Crocodile wins International Transport Forum’s freight award for smart use of data


A project to establish a trans-national data-exchange infrastructure to end the breakdown of cross-border traffic information has won the International Transport Forum’s (ITF) 2016 Transport Achievement Award in the freight category.

The ITF Transport Achievement Award recognizes a demonstrated achievement of excellence in transport provision in two categories: passenger and freight. The award will be presented during the ITF’s Annual Summit, the world’s largest gathering of transport ministers and the leading global platform for dialogue on transport policy, which takes place in Leipzig, Germany, on May 18-20.

The winning project, Crocodile 2, was launched in 2013 to establish a trans-national framework to collect and exchange data for putting into place concrete improvements for road users, such as dynamic traffic safety information or information on parking space availability for truck drivers. The €31m (US$46m) project, which is slated for completion in December 2018, has been co-financed by the European Union’s TEN-T program.

Crocodile 2 addresses congestion and traffic gridlock problems in border areas of Central and Eastern Europe that are caused by coordination gaps among road operators in a region that comprises several small countries, with different languages, and has high levels of cross-border traffic from three main trans-European road transport corridors: Baltic-Adriatic, Rhine-Danube, and Orient-Eastern Mediterranean.

The Crocodile consortium consists of partners representing the entire value chain, from raw data to end user services. It involves national ministries and their agencies, road operators and service providers from 13 countries: Austria, Bulgaria, Cyprus, Croatia, the Czech Republic, Germany, Greece, Hungary, Italy, Poland, Romania, Slovakia, and Slovenia.

Within the project, partners agreed on a harmonized data exchange specification based on Datex II, installed sensors and cameras on thousands of miles of roads, upgraded truck parking facilities, improved traffic management centers, developed and improved several applications and, not least, brought together officials in a move to establish national access points for traffic data exchange. Completed at the end of 2018, Crocodile 2 will continue and enlarge the activities. The ITF award jury saw in Crocodile 2; ‘a significant achievement in harmonization of national ITS-related activities in the field of road transport’, and praised the project for its; ‘good results regarding institutional collaboration in a context posing significant challenges”‘.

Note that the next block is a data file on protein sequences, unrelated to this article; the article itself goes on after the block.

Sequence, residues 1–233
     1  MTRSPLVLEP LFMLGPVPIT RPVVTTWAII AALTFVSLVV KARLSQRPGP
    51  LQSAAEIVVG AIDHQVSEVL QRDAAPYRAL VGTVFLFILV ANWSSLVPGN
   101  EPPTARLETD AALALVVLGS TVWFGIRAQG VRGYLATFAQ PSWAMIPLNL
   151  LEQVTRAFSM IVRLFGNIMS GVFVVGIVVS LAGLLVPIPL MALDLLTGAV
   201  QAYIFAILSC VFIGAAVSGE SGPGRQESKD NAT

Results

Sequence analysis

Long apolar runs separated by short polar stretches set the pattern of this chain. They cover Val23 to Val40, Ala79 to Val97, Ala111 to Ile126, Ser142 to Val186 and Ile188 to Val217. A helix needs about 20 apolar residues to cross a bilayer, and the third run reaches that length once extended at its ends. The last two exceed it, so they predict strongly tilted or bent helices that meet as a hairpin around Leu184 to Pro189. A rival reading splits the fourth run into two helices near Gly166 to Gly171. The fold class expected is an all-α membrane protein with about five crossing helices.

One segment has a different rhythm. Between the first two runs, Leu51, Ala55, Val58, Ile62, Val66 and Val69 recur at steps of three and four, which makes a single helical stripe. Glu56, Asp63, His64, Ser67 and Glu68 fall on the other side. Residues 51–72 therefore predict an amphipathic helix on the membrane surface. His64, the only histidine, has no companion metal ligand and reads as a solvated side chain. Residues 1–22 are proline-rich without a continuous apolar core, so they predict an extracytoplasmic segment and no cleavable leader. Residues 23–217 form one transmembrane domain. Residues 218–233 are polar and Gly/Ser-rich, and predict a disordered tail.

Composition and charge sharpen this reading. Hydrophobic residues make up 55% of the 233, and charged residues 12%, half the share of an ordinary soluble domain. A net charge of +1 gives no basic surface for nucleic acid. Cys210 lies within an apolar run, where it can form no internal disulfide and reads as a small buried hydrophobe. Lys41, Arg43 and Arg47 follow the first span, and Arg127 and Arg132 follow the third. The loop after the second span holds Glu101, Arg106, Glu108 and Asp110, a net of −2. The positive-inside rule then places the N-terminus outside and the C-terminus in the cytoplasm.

Martin Böhm of AustriaTech, the Austrian government agency that coordinated Crocodile, said, “This award acknowledges that cooperation and harmonized information exchange is one key to improve the traffic situation in an area with several small countries, with different transport network characteristics. We see Crocodile as a starting point, and are convinced, that our way is leading towards a safer and more efficient road transport system.”

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Tom has edited Traffic Technology International (TTi) magazine and its Traffic Technology Today website since May 2014. During his time at the title, he has interviewed some of the top transportation chiefs at public agencies around the world as well as CEOs of leading multinationals and ground-breaking start-ups. Tom's earlier career saw him working on some the UK's leading consumer magazine titles. He has a law degree from the London School of Economics (LSE).